God Lives Underwater guitarist Jeff Turzo considers Depeche Mode a major influence.
But there's more to Depeche Mode's impact on his band than meets the ear.
While critics have often compared his band's sounds to those originally crafted by the '80s techno-pop pioneers, few could ever realize how much Depeche Mode have meant to Turzo and his music, the guitarist said. That said, it seems fitting that the 26-year-old Turzo is one-half of the team behind arranging For the Masses, the much-hyped Depeche Mode tribute album.
"Dave [Reilly, GLU cohort] and I have always been into Depeche Mode,"
Turzo said recently from Los Angeles. "We were playing 'Stripped' live,
so we decided to get a whole bunch of people together to do an album of
The end result, a 16-track opus co-produced by 1500 Records founder Gary
Richards, includes tracks from early British mope-rockers the Cure, the last studio recording from the now-defunct Veruca Salt and a previously released rendition of "Never Let Me Down Again" (RealAudio excerpt) from the Smashing Pumpkins.
And even though the project doesn't hit shelves until Aug. 4,
a massive amount of hype has begun surrounding the project, fueled by
months and months of rumors concerning which artists would be covering
which songs on the record.
As it stands, Turzo said, For the Masses represents years of planning
and studio time, from the inception of the project until last week, when Los Angeles modern-rock station KLLY-FM leaked a few tracks from the record. The leak prompted a swift cease-and-desist order from 1500, as well as a reported promise to never again do business with the station.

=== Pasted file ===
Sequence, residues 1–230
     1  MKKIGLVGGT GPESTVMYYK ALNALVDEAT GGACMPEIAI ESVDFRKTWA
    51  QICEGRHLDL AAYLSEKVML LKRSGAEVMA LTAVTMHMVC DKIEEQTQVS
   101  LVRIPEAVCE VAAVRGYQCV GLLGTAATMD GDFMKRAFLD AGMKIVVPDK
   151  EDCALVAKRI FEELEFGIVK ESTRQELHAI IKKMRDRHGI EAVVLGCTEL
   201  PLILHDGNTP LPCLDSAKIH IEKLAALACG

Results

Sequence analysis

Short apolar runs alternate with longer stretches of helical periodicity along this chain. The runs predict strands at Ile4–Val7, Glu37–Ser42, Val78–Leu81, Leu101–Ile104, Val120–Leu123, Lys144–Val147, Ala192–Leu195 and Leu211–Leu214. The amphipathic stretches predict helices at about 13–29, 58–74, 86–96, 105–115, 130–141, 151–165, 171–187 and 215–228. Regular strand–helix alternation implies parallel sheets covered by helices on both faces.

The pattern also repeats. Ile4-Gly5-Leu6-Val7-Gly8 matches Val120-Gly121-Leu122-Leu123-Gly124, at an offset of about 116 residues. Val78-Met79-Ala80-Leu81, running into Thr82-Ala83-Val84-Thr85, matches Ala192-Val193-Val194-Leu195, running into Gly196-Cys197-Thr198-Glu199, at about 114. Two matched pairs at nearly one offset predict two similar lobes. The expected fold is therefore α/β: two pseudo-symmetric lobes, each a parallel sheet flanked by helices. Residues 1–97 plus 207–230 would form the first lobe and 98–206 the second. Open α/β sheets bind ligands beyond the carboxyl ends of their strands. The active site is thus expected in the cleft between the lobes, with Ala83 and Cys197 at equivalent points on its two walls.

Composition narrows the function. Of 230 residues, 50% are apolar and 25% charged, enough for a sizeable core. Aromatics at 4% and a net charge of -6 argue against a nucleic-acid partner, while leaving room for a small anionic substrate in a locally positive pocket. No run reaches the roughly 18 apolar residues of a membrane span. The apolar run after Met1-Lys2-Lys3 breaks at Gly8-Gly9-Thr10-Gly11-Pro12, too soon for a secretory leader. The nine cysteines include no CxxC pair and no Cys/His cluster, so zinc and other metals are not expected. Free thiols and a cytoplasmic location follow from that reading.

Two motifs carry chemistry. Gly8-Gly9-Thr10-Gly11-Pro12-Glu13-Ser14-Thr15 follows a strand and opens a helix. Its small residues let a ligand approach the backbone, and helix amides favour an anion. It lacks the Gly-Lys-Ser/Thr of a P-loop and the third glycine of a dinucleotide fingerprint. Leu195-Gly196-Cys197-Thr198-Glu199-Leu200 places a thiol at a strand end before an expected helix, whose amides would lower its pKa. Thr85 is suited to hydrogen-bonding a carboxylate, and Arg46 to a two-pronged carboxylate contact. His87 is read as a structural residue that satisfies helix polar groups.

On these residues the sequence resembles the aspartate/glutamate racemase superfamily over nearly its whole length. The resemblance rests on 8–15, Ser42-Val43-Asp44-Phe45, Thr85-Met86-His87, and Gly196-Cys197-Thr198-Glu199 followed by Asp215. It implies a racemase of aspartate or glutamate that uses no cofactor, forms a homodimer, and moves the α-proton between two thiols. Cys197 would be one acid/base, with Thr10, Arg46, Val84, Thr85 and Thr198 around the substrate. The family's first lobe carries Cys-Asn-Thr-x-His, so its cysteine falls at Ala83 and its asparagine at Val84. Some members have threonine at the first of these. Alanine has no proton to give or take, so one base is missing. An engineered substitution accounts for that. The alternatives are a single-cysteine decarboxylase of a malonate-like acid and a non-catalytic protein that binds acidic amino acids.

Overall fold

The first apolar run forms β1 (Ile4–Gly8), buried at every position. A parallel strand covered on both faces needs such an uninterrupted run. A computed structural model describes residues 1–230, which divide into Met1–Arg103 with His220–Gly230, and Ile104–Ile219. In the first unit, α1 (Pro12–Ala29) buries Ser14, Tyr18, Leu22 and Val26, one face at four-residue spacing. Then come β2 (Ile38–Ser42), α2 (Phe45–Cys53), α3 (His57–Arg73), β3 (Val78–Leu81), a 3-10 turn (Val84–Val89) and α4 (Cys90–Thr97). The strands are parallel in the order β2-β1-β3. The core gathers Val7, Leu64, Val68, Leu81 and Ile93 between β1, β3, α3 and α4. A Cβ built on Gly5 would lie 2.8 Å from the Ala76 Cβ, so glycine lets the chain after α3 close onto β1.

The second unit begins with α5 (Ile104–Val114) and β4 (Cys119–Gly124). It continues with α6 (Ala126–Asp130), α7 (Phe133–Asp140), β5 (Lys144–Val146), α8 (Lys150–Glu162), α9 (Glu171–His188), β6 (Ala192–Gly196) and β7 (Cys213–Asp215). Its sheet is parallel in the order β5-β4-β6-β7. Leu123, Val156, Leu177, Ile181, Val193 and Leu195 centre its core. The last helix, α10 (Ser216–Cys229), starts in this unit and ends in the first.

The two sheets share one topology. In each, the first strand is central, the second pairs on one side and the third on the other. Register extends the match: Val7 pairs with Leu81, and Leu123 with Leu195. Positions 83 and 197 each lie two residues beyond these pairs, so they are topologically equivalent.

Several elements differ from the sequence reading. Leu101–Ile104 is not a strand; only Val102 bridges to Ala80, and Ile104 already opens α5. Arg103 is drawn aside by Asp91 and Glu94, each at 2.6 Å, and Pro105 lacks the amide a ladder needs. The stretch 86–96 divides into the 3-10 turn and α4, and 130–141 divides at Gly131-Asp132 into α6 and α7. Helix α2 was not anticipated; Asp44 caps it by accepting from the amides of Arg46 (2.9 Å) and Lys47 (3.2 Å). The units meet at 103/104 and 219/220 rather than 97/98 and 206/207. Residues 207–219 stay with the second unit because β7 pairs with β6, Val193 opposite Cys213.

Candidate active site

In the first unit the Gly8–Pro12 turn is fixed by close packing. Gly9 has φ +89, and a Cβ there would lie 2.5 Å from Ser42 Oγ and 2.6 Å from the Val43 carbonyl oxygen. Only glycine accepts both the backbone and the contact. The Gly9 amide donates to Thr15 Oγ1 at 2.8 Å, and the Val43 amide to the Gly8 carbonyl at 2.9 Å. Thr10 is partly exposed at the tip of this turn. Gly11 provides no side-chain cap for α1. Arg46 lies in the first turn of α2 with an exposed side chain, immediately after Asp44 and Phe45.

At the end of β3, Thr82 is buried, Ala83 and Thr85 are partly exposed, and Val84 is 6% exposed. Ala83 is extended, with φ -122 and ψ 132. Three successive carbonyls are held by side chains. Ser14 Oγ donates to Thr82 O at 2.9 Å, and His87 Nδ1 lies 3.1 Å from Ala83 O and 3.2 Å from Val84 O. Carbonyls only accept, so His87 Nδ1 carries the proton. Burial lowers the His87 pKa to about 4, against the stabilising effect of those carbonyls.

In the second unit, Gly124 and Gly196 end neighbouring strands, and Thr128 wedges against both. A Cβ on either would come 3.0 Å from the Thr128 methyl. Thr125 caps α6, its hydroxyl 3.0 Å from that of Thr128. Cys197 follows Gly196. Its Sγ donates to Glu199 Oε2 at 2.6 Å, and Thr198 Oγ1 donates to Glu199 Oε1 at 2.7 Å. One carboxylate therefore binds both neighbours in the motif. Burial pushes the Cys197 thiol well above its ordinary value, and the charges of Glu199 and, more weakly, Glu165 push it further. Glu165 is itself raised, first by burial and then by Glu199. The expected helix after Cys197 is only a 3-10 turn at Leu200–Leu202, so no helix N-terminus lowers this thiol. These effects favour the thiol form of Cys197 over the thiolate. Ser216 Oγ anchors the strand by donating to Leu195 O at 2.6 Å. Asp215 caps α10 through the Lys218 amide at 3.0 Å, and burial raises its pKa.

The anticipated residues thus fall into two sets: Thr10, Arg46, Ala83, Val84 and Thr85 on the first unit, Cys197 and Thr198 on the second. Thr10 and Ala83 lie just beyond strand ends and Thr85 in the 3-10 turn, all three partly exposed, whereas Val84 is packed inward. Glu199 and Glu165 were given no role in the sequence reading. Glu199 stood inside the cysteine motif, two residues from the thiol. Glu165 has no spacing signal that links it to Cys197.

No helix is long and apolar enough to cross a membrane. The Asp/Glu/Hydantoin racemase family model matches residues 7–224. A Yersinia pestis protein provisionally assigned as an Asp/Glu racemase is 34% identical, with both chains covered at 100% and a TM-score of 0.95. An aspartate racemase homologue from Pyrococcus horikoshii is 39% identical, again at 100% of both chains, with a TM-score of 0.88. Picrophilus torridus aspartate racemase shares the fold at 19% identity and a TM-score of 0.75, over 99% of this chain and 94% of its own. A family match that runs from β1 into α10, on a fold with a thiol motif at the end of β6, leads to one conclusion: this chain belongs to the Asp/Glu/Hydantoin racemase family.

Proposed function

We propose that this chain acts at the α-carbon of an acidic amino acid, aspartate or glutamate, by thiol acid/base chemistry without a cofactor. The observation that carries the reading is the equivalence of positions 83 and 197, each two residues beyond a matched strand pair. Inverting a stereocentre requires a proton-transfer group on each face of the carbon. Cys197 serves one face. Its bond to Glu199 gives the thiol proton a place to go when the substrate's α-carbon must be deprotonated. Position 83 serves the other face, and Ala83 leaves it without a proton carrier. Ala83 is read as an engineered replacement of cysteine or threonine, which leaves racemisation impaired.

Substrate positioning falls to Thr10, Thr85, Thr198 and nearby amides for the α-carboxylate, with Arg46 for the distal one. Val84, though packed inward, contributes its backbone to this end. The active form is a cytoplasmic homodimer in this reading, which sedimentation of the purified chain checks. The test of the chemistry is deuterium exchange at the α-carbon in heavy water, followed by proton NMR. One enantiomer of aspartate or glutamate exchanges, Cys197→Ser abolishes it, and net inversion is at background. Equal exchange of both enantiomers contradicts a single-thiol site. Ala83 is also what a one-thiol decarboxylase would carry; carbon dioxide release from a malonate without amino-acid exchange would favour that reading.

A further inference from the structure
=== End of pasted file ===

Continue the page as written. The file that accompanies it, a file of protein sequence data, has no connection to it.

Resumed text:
Nevertheless, assembling For the Masses was a difficult task, Turzo said, from finding the right bands to actually convincing acts to get involved. The entire project took three to four years to put together, he added. Now that the disc is finally complete, Turzo said there are still bands that he would have liked to have perform on the album.
But the end result, he added, is sweet nevertheless.
"It was hard at first," he said. "Failure, our friends from L.A.,
decided to do a cut ("Enjoy the Silence"). Then, (A&M labelmates)
Dishwalla got involved ("Policy of Truth"), and finally the Cure came in. Once the Cure decided to go in ("World in My Eyes"), everyone wanted to do it. In
time, we could have made a double record."
But with this tribute album, at least, Turzo said he is emphasizing quality over quantity.
"Our goal was always to make a good record, not a mockery of Depeche
Mode music," he added. "We wanted to make a cool record that you could sit down and enjoy. And I think we've done that."
And despite Turzo's incomplete wish list of participants (among them Nine Inch Nails and Bjork), the album collects a veritable dream team of obvious Depeche Mode influencees.
There's the necessary mix of core alt.rock artists -- ranging from the
Smashing Pumpkins to the Cure and the Deftones. But there's also an
appropriate smattering of contemporary electronic performers. Rabbit in
the Moon offer a trippy slant on "Waiting for the Night," Gus Gus take
on "Monument," Apollo 440 launch an intense working of "I Feel You" and
Hooverphonic breathe through "Shake the Disease." Meat Beat Manifesto
blast through "Everything Counts."
But each of the 16 songs, whether extremely bizarre (Rammstein's first English effort on "Stripped") or jarringly dramatic (Veruca Salt's sublime,
effeminate take on "Somebody"), offers a unique tribute to the sound of electronica's forefathers.
"The main thing is that Depeche Mode is one of our favorite bands of all time," co-producer Richards said. "Usually when a tribute album comes out, a record company is just trying to make money off one of its capital artists. For us, granted, it is a business, but we wanted to show how good Martin Gore's songwriting is and how influential Depeche Mode has been."
Rather than issue a standard single, 1500 Records will allow radio stations to decide which tracks work best for their market, Richards said.
"Of the bands we approached, every single one of them wanted to contribute," he said. "We called Gus Gus and they wanted to do four."
Music wasn't the only influence Turzo wanted represented. It's that "other" element of Depeche Mode -- the oft-overlooked songwriting talent of Gore -- that Turzo says makes Depeche Mode such an important act.
"Aside from being the first band to really explore electronic elements
in their sounds," Turzo said, "Depeche Mode has written some incredible